“No religious or other sect or sects shall ever control any part of the school or other educational funds of this state; nor shall any funds be appropriated toward the support of any sectarian school, or to any school that at the time of receiving such appropriation is not conducted as a free school.” Mississippi Const. Art. VIII, § 208.
Other Relevant Provision
“No law granting a donation or gratuity in favor of any person or object shall be enacted except by the concurrence of two-thirds of the members elect of each branch of the Legislature, nor by any vote for a sectarian purpose or use.” Mississippi Const. Art. IV, § 66.
Mississippi Dyslexia Therapy Scholarship for Students with Dyslexia
Mississippi Code Annotated Sections 37-173-1 to -29
Nate Rogers Scholarship for Students with Disabilities
Mississippi Code Annotated Sections 37-175-1 to -29
Equal Opportunity for Students with Special Needs
Mississippi Code Annotated Sections 37-181-1 to -21
Chance v. Mississippi State Textbook Rating & Purchasing Board, 200 So. 706, 713 (Miss. 1941)
The Mississippi Supreme Court held that loaning public textbooks to private school pupils does not violate Mississippi’s Blaine Amendment because “[t]he books belong to, and are controlled by, the state; they are merely loaned to the individual pupil therein designated .…” The Court further held that any aid to religious schools is incidental and, were the state to deny use of those books based on the student’s choice of a religious school, it might well violate other parts of the Mississippi Constitution.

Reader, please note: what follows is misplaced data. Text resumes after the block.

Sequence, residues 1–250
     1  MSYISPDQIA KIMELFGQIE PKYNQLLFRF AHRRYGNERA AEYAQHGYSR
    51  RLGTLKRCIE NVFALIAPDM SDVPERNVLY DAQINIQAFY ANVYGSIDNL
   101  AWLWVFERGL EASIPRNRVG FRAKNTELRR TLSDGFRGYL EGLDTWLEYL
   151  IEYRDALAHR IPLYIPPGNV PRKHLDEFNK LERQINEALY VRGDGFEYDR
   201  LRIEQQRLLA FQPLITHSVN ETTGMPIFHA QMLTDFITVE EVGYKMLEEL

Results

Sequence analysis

Otken v. Lamkin, 56 Miss. 758 (Miss. 1879)
The Mississippi Supreme Court held that a statute allotting part of the common school fund to students attending private schools violated the express terms of Mississippi’s Blaine Amendment.
Both tax credit and voucher programs are school choice options for Mississippi. Its constitution contains a Blaine Amendment but the Mississippi Supreme Court held that the state could provide textbooks to private and religious school students without violating its terms. By distinguishing between aiding students and aiding the schools they choose to attend, the Mississippi Supreme Court has provided strong support for a voucher program.
Model Legislation: Education Savings Account, Parental Choice Scholarship Program (Universal Eligibility), Parental Choice Scholarship Program (Means-Tested Eligibility), Special Needs Scholarship Program, Foster Child Scholarship Program, Autism Scholarship, Great Schools Tax Credit Program, Family Education Tax Credit Program